The human heart was—and remains—a mystery to me. But I’m learning. I have to. —Anthony Bourdain

Of childhood memories with practical parents

I remember growing up, my parents (mostly my mom who kept the budget), always made sure we had what we needed. We weren’t (and are still not) rich. We’ve made it by with hard work and practical choices, like picking the sturdier shoe that would last as long as it fit, and grocery editing to “Do you want it or do you need it?” Truly, I was raised to know that function mattered most and when we had extra, we still had to put it aside for emergencies. Being CPAs and having the same job for years, my parents were of the generation of stability, and lived it to the letter. Get a job that pays the bills that will earn you a decent retirement after decades of service. Every choice was made to give us the best life they could provide, all the while looking towards a future we would still need to think of, and preparing for the unknown.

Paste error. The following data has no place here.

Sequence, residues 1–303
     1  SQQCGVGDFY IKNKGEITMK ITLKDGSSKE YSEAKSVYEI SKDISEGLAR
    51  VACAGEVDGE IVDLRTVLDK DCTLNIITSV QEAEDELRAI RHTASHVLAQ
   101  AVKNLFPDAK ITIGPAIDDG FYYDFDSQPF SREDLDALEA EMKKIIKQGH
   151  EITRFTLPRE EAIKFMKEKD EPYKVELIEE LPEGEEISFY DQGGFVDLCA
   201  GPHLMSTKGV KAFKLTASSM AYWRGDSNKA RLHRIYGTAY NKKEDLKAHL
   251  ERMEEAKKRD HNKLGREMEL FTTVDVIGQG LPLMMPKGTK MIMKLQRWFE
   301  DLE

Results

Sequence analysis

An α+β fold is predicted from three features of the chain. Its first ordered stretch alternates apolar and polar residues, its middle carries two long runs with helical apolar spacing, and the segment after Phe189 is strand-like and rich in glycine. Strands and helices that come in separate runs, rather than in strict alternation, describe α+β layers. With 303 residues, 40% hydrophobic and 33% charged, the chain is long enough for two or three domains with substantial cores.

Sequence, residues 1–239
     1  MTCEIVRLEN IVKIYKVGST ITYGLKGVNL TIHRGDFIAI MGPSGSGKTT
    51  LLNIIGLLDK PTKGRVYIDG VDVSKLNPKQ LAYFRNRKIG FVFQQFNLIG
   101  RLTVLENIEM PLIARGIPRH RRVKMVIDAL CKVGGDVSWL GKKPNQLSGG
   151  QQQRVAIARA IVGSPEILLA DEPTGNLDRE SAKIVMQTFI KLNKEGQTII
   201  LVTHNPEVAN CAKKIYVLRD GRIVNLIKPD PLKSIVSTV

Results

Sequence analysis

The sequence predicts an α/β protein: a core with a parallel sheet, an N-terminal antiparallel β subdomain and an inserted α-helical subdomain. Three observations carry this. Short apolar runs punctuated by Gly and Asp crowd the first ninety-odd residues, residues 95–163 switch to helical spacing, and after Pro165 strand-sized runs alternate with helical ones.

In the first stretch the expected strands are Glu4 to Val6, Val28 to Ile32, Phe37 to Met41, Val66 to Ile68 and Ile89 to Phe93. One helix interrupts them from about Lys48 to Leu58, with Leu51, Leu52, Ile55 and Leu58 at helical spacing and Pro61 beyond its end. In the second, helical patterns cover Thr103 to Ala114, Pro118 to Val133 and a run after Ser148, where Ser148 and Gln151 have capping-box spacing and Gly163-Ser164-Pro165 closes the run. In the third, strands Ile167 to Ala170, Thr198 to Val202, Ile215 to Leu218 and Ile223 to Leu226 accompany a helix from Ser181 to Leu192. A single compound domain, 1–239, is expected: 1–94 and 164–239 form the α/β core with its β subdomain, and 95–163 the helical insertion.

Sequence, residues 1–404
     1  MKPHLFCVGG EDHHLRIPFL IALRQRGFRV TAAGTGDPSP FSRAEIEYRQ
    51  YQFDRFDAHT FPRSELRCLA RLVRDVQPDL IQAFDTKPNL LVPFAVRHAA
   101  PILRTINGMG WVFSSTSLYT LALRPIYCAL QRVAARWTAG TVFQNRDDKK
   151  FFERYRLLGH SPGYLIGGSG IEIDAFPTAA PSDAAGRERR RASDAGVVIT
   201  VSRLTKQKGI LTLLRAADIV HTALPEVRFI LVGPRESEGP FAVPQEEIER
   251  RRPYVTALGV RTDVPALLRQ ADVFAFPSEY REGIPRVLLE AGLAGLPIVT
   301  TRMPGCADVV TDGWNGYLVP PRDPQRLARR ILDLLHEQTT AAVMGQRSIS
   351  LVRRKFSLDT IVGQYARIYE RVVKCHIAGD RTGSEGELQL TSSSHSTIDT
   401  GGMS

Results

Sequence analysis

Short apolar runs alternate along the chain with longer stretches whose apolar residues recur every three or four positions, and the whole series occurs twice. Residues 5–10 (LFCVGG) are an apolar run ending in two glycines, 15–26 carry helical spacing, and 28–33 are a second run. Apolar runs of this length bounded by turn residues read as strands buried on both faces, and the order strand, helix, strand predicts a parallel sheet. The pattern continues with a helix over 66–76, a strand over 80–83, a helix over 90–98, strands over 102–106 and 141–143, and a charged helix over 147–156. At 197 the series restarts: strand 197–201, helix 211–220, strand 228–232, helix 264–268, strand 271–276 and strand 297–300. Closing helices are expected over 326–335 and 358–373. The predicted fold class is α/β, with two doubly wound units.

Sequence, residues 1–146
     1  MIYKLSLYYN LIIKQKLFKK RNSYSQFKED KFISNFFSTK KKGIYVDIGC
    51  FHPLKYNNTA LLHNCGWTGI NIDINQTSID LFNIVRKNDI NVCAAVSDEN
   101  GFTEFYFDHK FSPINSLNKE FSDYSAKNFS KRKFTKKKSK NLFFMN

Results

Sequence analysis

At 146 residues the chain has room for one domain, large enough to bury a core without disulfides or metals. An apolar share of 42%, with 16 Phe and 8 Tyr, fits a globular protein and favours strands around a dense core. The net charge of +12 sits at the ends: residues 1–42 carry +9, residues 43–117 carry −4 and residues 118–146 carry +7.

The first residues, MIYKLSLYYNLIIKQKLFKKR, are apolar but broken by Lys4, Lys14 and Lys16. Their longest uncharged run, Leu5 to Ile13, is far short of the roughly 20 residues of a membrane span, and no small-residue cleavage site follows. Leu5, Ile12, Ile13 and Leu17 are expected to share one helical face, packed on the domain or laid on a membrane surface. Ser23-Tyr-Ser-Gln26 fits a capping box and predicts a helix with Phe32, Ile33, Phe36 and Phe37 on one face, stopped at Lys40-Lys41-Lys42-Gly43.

That is to say, my parents still thought of providing the best for us, to what they could afford. My mom, when we were growing up and she was busy with her job, took us to restaurants (and not just cooked at home which my father preferred and was the more practical choice) that were nice. My favorite was Pancake House, where we would get chocolate chip pancakes, tacos, a rootbeer float or a milkshake, and a banana split if we were a group. It wasn’t the fanciest, (or really, the healthiest) but it made for some of my favorite memories.

My father would bring us pizza and ice cream sometimes after a late night and we would eat it post bedtime. It was always Pizza Hut’s Super Supreme and Selecta’s Queso Royale. It was amazing because we would be woken up for junk food and got to laugh with our dad, who at the time would be less uptight because of a fun night of drinking.

For me, because I knew those moments were rare, and that it took time, money and effort to get there. Even if I did hate churros at Dulcinea growing up, I could remember heading out to try it one of those weekends. Until now my favorite pizza is from the Hut, no special crusts, just the same flavor, as the greasy, overfilled pie still brings fun night time memories with my family.

My childhood was 80%  practical and 20% moments like these sprinkled in, and I wouldn’t have it any other way.

What are your favorite moments from your childhood?



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